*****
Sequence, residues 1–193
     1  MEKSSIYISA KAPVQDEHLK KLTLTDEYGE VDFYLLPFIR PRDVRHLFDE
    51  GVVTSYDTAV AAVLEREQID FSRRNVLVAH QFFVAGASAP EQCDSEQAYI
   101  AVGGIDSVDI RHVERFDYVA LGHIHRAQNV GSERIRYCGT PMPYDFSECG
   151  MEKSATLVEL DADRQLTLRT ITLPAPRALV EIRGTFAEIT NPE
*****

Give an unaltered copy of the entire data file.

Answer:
Sequence, residues 1–193
     1  MEKSSIYISA KAPVQDEHLK KLTLTDEYGE VDFYLLPFIR PRDVRHLFDE
    51  GVVTSYDTAV AAVLEREQID FSRRNVLVAH QFFVAGASAP EQCDSEQAYI
   101  AVGGIDSVDI RHVERFDYVA LGHIHRAQNV GSERIRYCGT PMPYDFSECG
   151  MEKSATLVEL DADRQLTLRT ITLPAPRALV EIRGTFAEIT NPE